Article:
Conversation in Eric Rohmer’s Conte de Printemps is as free as bugs buzzing in tall meadow grasses: a waking-up to truth, and the falling away of wintertime misunderstandings. First in the series Contes des Quatre Saisons (Tales of Four Seasons), the story concerns a blossoming friendship between Jeanne (Anne Teyssèdre), a Lycee/College teacher, and Natacha (Florence Darel), a young pianist.
They meet at a mutual friend’s party. Jeanne doesn’t want to sleep in the apartment she shares with her boyfriend because he is away and has left it in a mess, and so Natacha invites her to stay with her at her father’s place. According to his daughter, Pater (Igor, played by Hugues Quester) is 40 years-old but behaves like a 20 year-old.
Igor has an irritating girlfriend Ève (Eloïse Bennett), who is just a bit older than his daughter. Natacha doesn’t like her, and expresses her disdain with the same unthinking enthusiasm that she uses to spray insecticide on the bushes in her father’s country house. Jeanne is the cool water, applying logic in an attempt to massage out the tension between Ève and Natacha. She also finds herself attracted to Igor and solves a small family mystery.
Conte de Printemps sets the metronome to a gentle rhythm of space and time, one continued throughout Rohmer’s following three films in Contes des Quatre Saisons (Conte d’Ete, Conte d’Automne, Conte d’Hiver). ‘Rohmer time’ is a soothing tick of simple exchanges we usually take for granted. An invitation to stay at a friend’s house, sitting on the sofa at a party and having a chat, or asking: ‘Would you rather cut the salami or the tomatoes? Rohmer loves the ordinary, and he kneads out interactions so we can see their importance, thus placing us in the poetry of the everyday. We are never bored and each conversation is as fresh as, well, spring.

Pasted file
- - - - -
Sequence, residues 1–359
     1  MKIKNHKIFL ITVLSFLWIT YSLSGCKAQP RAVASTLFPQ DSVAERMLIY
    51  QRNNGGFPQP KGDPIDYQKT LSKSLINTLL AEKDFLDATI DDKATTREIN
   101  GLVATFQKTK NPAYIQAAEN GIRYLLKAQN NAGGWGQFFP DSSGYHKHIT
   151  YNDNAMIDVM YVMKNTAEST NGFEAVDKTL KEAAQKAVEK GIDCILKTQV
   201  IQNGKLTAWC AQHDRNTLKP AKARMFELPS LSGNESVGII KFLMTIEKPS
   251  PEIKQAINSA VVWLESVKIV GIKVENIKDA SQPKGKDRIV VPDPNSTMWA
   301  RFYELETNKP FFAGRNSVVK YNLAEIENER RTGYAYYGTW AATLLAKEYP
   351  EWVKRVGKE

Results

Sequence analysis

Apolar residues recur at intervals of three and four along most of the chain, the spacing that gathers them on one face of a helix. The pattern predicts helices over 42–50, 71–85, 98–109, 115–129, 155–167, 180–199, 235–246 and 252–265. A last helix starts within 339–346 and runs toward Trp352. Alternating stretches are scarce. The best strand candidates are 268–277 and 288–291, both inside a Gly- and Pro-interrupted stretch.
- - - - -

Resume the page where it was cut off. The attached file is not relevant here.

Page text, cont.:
Jeanne, Natacha and Ève are equally opinionated. They deliver their views in different tunings. Natacha is un-edited, her youth rendering her unable to control her responses, meanwhile Ève wears her modernity without empathy and tact. She bluntly asks Jeanne why she is a teacher when she could have a much more interesting job in publishing, like herself. Jeanne responds, as in all other scenes, with a saintly self-control that is faintly dour. ‘I prefer to be the boss,’ she answers calmly.
‘I am fanatical about other people’s freedom’ claims Jeanne as she uses her theory to form a cage around herself. Rohmer points to this subtly, and during the final 10 minutes allows her a small release. It’s an experience that breaks a shell, and even though Jeanne returns to Paris to resume her ordinary life, something has been shaken off. She is changed; and her year can properly begin.
Director: Eric Rohmer (1989)